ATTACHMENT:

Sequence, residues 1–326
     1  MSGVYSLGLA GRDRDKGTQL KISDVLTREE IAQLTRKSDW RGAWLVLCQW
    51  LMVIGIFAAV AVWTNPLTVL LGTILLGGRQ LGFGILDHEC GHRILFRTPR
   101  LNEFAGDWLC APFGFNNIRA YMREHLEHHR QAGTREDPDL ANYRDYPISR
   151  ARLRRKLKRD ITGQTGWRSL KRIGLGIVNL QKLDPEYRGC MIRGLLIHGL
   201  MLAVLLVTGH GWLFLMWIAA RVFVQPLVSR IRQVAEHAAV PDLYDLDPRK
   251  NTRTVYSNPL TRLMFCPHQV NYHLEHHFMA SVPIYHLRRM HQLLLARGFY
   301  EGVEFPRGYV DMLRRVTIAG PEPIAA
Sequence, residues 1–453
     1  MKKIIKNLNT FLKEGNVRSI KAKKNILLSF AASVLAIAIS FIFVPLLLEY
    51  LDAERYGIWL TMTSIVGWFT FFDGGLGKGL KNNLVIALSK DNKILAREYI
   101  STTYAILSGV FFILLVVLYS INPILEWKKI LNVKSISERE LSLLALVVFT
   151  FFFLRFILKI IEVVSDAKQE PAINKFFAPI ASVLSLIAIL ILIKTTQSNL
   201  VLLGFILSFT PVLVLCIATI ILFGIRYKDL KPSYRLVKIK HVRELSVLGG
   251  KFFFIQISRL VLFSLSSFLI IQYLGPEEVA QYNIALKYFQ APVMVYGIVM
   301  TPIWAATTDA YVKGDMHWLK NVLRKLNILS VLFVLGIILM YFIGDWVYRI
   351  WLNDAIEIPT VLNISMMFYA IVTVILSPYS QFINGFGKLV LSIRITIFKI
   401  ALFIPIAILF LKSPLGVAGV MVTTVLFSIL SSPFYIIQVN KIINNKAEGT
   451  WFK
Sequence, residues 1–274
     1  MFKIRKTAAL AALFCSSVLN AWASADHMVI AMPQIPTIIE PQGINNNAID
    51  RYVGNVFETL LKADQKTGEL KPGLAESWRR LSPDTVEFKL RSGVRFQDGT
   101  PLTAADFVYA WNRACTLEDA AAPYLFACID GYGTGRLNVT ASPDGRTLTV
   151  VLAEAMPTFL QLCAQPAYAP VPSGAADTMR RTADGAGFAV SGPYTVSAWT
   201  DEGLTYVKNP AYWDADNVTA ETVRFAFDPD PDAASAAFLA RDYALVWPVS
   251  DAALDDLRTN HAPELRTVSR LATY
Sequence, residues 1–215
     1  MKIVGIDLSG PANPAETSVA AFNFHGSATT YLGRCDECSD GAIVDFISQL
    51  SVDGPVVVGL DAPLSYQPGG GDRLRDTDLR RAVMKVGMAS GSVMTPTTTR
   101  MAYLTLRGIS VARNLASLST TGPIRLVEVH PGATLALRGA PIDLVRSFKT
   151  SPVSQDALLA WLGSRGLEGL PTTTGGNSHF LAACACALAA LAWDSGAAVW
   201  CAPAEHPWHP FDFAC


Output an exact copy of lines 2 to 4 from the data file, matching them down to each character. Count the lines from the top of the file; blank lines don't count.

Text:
     1  MSGVYSLGLA GRDRDKGTQL KISDVLTREE IAQLTRKSDW RGAWLVLCQW
    51  LMVIGIFAAV AVWTNPLTVL LGTILLGGRQ LGFGILDHEC GHRILFRTPR
   101  LNEFAGDWLC APFGFNNIRA YMREHLEHHR QAGTREDPDL ANYRDYPISR